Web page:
Why Turns?

We’ve had a few people ask us “this is a real-time game, why do you have turns”? The answer is simple – we tested a lot of other systems, and this was the one that was the most fun. The biggest single thing that turns do is give a framework that players can use to understand and break down a game. The other really great benefit is that they provide a rhythm to the game that was lacking in our more freeform tests.

Framework

Having a framework around the progression of a game is really helpful. A great example is MOBA games compared to RTS games – in the MOBA, there’s a clear progression (character level) that is a common thread through all players’ experience. Even with wildly different characters, the level up progression is very similar. When you see your lane opponent hit level 6, you know to watch out for their ultimate. This allows players to quickly make sense of an incredibly complex system, and to intuitively know whether they’re ahead, behind, or on track.

Rhythm

In a game where reading your opponent’s cards is important, maintaining a rhythm is vital. If too many cards show up at once, it’s impossible to process everything, and that leads to a poor experience. Gating card play and card flow in a smooth, regular way turned out to be the key to creating a really fun experience. Once we put the turn structure into place, a massive amount of confusion simply disappeared, and that let the fun shine through.

Things We Tried

We had a version of the game where every card had its own cooldown timer. This did two bad things. Firstly, there was way too much information to track – you needed to follow everything that was going on, read your opponent’s cards, and plan reactions to your opponent. Secondly, it made people feel that they were “wasting” actions if they didn’t act immediately as soon as a card was off cooldown (even if it was better strategy to wait). Thirdly, it encouraged players to play as quickly as possible, and play from a script, rather than reacting to their opponents.

Any system that rewards you for playing quickly tends to devolve into “playing as quickly as you can” – look at Starcraft; you need to have an insane APM to be competitive, and you follow a script, at least in the early game, where you’re taking hundreds of actions without making any meaningful decisions. Starcraft is a great game. It’s just not the game we’re making. (We could get into a long discussion on whether Starcraft is a strategy game or a tactical game, but we won’t go there.)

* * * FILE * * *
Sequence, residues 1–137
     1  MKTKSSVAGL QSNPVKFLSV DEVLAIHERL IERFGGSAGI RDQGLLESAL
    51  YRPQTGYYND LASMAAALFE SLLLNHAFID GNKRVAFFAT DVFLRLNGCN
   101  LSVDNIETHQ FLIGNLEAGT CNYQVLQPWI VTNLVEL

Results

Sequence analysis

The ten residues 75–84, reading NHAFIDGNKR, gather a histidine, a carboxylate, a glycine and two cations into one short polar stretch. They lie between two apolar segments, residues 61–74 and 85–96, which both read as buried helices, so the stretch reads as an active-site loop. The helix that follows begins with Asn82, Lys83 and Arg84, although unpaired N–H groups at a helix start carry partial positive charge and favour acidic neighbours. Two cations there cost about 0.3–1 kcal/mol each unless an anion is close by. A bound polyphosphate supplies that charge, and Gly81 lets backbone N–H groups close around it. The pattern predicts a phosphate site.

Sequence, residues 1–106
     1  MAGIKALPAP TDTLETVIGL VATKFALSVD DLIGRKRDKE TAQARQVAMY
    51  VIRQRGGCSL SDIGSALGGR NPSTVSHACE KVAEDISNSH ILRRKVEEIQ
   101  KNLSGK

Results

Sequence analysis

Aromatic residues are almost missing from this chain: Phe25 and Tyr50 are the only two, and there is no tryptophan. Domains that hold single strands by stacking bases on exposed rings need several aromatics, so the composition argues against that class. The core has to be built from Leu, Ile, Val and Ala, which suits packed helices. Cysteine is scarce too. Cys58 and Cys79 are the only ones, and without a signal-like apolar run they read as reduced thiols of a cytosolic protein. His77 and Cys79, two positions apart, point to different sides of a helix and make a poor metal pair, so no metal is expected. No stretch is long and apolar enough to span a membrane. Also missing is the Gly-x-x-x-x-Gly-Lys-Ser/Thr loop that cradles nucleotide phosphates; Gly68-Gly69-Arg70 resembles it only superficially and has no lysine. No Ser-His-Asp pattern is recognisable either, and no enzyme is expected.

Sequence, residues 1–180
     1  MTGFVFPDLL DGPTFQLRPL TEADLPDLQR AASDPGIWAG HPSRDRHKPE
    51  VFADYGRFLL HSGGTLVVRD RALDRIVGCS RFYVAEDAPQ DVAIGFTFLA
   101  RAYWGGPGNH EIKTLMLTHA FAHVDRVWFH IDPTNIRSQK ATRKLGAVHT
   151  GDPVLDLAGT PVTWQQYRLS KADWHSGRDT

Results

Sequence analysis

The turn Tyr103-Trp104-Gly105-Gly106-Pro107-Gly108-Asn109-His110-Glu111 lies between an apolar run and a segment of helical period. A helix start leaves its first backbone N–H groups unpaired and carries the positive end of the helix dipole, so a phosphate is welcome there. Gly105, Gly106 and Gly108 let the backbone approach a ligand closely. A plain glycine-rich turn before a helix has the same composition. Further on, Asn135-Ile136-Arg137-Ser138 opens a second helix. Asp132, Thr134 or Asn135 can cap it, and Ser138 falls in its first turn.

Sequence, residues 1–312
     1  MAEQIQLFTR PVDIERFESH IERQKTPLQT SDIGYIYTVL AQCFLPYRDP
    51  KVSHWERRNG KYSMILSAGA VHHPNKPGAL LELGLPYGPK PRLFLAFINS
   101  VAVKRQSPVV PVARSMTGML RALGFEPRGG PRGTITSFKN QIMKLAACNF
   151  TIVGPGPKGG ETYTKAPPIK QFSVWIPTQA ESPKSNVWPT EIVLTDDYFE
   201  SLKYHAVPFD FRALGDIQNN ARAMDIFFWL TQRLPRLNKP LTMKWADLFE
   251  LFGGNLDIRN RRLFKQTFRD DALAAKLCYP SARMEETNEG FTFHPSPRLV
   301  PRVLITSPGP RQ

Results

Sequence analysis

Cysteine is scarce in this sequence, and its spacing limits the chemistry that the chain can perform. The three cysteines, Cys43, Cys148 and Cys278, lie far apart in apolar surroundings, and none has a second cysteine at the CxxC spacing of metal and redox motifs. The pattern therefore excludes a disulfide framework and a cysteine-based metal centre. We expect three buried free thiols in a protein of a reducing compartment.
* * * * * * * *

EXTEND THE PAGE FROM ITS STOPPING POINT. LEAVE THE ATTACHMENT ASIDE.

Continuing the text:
We had a version where every action queued up and resolved at a set time later. This was great in theory – it gave a really fun flow to the game. Where it broke down was the UX; it was impossible to display all the information we needed in a sensible way.

One thing we had in several previous versions was to have the first attack be made by the player who finished their action phase first. In theory, this is a great mechanic – it encourages players to play quickly, and means that there’s a tangible benefit for playing your cards first. In practice, it didn’t work for a very subtle reason – there’s a disconnect between finishing your action phase and knowing that you’ve got the first attack. What players felt when they played in that system was “It’s random who gets to attack first”, which is definitely not the experience we wanted to create, so we switched to “strongest unit”.

Using Time

There’s a lot of opportunity in the Nova Blitz design for mechanics that are time based, rather than strictly turn based. We’re going to code these up, playtest them, and pick the best ones. We will be including time-based mechanics in the game; those mechanics aren’t coded yet. Expect units that care whether they’re the first unit played in a turn, and maybe units that grow or trigger every N seconds (these are interesting because they punish slower decks more than they punish quicker decks). And, of course, there will be cards that affect the flow of time itself…

Also, expect more cards in the “proactive card” camp – cards you want to have in the arena before your opponent plays a card. A good example would be a card that passively protects your units from other powers. There aren’t cards like this in the demo build, just because we didn’t have those mechanics coded yet.

Do you have ideas for other time-based mechanics that we could use for Nova Blitz within the turn-based structure? Want to debate whether Starcraft is a strategy or tactical game? Post on the forums!

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